Women are often used as brand icons, the faces of ad campaigns, but their role in advertising goes far beyond this: they are the most important target market on earth. They make 80% of all consumer goods purchasing decisions; by 2025, they will be richer than men and own 60% of the UK’s personal wealth. Women contribute more than 40% of the developed world’s GDP.
Although women represent a huge opportunity for business, recent research reveals that much of the money spent attracting them might be wasted. Half of women “do not think manufacturers understand women in the real world”. The same proportion say manufacturers “try to sell them things by making them feel bad about themselves”, and 68% say they “can’t identify with women used in ads” – the current furore surrounding zero-size models springs to mind. The money might also be wasted because it is spent in the wrong places. Women represent a huge growth opportunity in many markets, yet 71% of them believe that manufacturers only consider them to be “interested in beauty and stuff for the home” (YouGov 2006). Despite the importance of women as a market and the long-established presence of women in the workplace, winning over the female audience remains the short suit of marketing. Luckily, help has arrived in the unlikely shape of scientists and a new breed of feminists.
Advances in neuroscience and evolutionary theory – about the fundamental differences in masculine and feminine thinking – should change female marketing irreversibly. We know that men and women process information differently. We understand their different motivations and world views: men are driven by an impulse to achieve, compete and win, while women are driven by an impulse to create a harmonious, safe and happy environment.
We can define their different innate interests and mental preferences: from an early age, males are attracted to “things” such as trainsets, cars, technology; females are attracted to dolls, stories, time with friends. Men like to systemise, while women empathise. These differences have huge implications for the way we market to women. Marketers exposed to these findings and their implications feel they have to change the way they market to women. Failing to do so would be woefully negligent.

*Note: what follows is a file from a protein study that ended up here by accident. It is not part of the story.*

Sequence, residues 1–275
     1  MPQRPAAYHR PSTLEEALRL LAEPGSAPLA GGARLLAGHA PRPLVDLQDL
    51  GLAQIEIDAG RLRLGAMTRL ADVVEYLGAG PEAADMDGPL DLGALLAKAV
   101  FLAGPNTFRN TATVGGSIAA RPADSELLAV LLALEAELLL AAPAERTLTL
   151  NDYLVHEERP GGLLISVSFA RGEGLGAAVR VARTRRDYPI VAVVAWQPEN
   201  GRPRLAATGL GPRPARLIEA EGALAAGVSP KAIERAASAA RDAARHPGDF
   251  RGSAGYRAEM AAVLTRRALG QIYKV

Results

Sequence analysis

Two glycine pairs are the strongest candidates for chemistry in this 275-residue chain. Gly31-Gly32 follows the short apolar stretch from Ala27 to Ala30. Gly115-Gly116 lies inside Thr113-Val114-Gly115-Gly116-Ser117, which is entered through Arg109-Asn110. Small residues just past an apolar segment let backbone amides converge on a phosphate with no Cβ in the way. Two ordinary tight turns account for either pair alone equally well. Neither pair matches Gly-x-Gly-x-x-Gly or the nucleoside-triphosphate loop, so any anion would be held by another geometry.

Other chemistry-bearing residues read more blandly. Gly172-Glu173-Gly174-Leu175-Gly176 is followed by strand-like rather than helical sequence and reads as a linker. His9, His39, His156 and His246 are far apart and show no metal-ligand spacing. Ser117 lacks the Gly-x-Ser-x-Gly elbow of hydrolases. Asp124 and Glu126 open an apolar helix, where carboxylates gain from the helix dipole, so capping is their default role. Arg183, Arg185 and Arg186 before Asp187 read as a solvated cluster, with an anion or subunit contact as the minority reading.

The second development concerns a shift in feminist beliefs. Historically, in most businesses, talking bluntly about the differences between men and women could be tricky. The 1970s feminist notion of “equality meaning sameness” led people to ignore differences for the sake of political correctness. This era is over. The new feminists believe recognising difference is good, and that the contribution women can make because of their differences is a powerful resource for business, and beneficial to society.
Unshackled by political correctness, the opportunity for marketing is to take these facts about female difference, and put them to good use. Knowing what makes women tick – and acting on it – will reverse the negative feelings we know they have about the marketing that targets them.
It will increase the relevance of products, brands and ads to women, and create a new way to differentiate. Marketing applies much the same thinking and processes to every opportunity. Often this is masculine in character, unsurprisingly, as men are the authors of modern marketing, and still occupy most of the influential positions in business. However, looking at the world through a uniquely female lens, and letting that guide ideas and thinking, will make it easier to pull away from competitors who – bar a few nuances – are using the same marketing tools. Looking through that lens means you will probably never see the world in quite the same way again.
So, a coincidence of events – the emergence of women as the most valuable market on earth, a wealth of new information about how women think and feel, and the lifting of the taboo on male and female difference – presents a new and lucrative opportunity for any business. Those who use uniquely feminine thinking, approaches and processes when trying to take advantage of, or solve, uniquely female issues are the ones who will win the loyal female heart.
• Philippa Roberts is co-author with Jane Cunningham of “Inside Her Pretty Little Head”, and founder of the Prettylittlehead marketing consultancy